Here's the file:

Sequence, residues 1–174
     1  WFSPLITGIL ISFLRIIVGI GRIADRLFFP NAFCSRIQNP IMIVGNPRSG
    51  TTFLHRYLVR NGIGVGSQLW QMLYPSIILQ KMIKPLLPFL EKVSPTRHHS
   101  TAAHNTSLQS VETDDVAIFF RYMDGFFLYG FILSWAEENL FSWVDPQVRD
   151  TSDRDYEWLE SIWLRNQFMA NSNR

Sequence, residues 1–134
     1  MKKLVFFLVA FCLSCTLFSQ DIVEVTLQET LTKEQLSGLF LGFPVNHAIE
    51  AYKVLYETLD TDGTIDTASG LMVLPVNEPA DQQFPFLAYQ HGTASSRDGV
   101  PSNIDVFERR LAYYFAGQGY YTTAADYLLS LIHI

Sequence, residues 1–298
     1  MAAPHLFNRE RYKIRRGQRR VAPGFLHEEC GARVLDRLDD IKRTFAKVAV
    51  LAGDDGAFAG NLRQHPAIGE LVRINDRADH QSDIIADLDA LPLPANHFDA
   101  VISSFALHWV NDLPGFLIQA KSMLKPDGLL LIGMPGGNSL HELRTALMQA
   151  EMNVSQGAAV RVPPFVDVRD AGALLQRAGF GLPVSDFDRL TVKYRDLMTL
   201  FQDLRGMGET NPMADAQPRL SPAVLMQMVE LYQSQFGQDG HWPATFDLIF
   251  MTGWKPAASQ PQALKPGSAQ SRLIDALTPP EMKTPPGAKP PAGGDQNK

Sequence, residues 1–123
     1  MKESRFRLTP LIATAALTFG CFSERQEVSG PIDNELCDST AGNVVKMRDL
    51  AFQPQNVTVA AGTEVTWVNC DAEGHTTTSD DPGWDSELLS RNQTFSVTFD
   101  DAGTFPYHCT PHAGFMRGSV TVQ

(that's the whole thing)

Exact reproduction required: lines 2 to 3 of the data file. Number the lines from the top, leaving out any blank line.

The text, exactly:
     1  WFSPLITGIL ISFLRIIVGI GRIADRLFFP NAFCSRIQNP IMIVGNPRSG
    51  TTFLHRYLVR NGIGVGSQLW QMLYPSIILQ KMIKPLLPFL EKVSPTRHHS